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2020 Kansas Master Teacher Holly Bright

Holly Bright

Holly Bright sm.jpg

Holly Bright

Kindergarten Teacher
Grandview Elementary School
USD 490 El Dorado

“I am eight years old. I am writing this letter to tell you about my Kindergarten teacher, Mrs. Bright,” writes a former student. “She is sweet and kind and she is really good at explaining things. She made me feel warm and cozy on the inside.”

Which is Holly Bright’s objective. “When my students, past or present, walk into my classroom, I want it to be a place where they know they are loved, safe, and cared for,” she states.

By beginning each school year discussing and modeling how a family would treat and include everyone, Bright said her students continue to build their family all year long. Once these relationships are established, aggressive behaviors decrease and kinder words and actions increase.

This year, when a wheelchair-bound nonverbal child joined her class, Bright adapted her teaching methods and increased her collaborative skills by working with other professionals working with the student on speech and movement. Realizing the inadequacies of accommodations for the student – from class seating to the ability to participate in recess and field trips – Bright directed and implemented the necessary changes so this child can have inclusive experiences with the rest of the class. “(The other students have) become compassionate and empathetic towards here and each other. The class sees this child as part of our family and have embraced her uniqueness since day one.”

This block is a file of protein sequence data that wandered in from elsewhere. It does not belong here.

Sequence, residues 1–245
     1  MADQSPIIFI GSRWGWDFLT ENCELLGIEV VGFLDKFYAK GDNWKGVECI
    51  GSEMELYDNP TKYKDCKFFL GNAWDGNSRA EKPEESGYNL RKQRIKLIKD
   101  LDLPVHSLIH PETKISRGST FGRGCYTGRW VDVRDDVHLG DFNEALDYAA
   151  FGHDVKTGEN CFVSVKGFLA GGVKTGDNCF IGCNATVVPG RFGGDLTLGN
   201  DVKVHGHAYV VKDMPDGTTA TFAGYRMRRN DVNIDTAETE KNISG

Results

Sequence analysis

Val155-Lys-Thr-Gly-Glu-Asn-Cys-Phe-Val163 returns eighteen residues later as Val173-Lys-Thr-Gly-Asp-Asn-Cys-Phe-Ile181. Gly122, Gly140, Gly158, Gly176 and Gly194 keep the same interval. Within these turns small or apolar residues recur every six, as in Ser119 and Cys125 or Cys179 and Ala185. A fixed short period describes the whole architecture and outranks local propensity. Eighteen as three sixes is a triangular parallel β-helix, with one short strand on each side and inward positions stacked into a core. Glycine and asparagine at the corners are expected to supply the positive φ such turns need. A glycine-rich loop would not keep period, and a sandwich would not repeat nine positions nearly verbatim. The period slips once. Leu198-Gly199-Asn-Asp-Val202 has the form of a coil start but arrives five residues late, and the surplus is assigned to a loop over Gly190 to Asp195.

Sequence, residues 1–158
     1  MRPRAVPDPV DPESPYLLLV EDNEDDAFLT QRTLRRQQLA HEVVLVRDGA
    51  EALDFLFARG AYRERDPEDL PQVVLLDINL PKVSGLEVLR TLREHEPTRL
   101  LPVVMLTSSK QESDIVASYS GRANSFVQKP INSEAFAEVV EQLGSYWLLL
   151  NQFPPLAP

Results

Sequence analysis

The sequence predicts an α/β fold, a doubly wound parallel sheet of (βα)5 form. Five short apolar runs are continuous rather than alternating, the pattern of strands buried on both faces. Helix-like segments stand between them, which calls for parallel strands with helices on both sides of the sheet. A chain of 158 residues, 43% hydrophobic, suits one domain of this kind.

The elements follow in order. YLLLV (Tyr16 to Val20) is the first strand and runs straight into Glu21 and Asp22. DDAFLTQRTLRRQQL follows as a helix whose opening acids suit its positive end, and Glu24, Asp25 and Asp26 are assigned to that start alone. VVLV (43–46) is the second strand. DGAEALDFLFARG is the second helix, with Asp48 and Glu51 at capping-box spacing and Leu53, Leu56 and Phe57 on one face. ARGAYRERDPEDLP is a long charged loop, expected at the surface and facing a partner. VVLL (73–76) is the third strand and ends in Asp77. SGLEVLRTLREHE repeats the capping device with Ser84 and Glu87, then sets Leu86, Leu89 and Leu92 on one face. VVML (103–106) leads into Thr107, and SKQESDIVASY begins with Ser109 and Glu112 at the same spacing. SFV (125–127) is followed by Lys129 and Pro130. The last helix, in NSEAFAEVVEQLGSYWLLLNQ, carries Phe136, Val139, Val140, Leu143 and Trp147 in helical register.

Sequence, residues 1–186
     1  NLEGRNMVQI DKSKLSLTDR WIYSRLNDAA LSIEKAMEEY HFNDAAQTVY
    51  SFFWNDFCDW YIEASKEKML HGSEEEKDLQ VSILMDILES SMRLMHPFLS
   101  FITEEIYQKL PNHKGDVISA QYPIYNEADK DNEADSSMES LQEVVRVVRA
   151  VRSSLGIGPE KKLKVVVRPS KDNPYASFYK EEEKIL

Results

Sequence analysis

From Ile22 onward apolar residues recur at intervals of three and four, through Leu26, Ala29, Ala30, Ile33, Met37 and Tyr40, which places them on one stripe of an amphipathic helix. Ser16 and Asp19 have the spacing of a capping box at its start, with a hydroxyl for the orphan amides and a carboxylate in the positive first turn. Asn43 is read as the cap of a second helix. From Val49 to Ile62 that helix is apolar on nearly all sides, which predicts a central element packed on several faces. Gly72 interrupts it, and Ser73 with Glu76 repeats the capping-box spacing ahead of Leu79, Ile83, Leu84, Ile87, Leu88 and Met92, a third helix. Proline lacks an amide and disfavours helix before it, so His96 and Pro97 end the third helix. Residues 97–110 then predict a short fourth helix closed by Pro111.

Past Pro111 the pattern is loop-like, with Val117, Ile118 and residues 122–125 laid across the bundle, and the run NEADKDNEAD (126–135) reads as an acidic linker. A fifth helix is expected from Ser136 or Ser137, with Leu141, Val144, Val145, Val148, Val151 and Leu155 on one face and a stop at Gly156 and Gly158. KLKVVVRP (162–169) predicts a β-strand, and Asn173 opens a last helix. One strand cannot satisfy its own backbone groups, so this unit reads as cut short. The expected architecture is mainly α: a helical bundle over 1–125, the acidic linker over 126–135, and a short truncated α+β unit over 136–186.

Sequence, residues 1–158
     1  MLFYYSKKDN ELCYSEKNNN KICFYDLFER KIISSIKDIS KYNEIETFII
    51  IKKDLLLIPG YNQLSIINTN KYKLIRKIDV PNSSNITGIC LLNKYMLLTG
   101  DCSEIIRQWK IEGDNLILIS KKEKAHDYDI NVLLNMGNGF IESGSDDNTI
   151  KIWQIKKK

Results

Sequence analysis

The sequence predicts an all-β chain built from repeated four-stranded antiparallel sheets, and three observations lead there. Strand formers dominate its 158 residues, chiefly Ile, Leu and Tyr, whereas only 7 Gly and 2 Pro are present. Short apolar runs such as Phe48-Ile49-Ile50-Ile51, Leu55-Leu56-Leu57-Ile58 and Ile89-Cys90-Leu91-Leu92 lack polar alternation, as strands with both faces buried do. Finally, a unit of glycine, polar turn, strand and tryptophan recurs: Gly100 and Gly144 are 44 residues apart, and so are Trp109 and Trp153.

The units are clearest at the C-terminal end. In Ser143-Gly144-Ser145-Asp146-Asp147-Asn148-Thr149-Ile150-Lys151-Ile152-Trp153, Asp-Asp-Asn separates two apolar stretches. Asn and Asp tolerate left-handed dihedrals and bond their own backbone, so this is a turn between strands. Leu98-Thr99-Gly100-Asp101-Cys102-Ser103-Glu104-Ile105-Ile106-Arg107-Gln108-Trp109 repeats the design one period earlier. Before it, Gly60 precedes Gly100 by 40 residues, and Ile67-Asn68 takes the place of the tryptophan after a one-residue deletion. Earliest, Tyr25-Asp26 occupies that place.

Bright began teaching in 2007 in Kansas City, KS after earning a bachelor’s degree in elementary education from Emporia State University. She earned an ESOL endorsement in 2013. She began teaching Kindergarten at Grandview Elementary in 2016.

“I chose to move to Grandview this year, after 39 years of teaching at another building, just so I could teach alongside Holly,” a colleague states. “She has challenged me to dig deeper in developing personal relationship with students and parents, develop better teaching skills, and learn new professional practices to implement in my own classroom.

“If one child can look back in twenty years and remember the love I showed them, I consider that a job well done,” Bright said.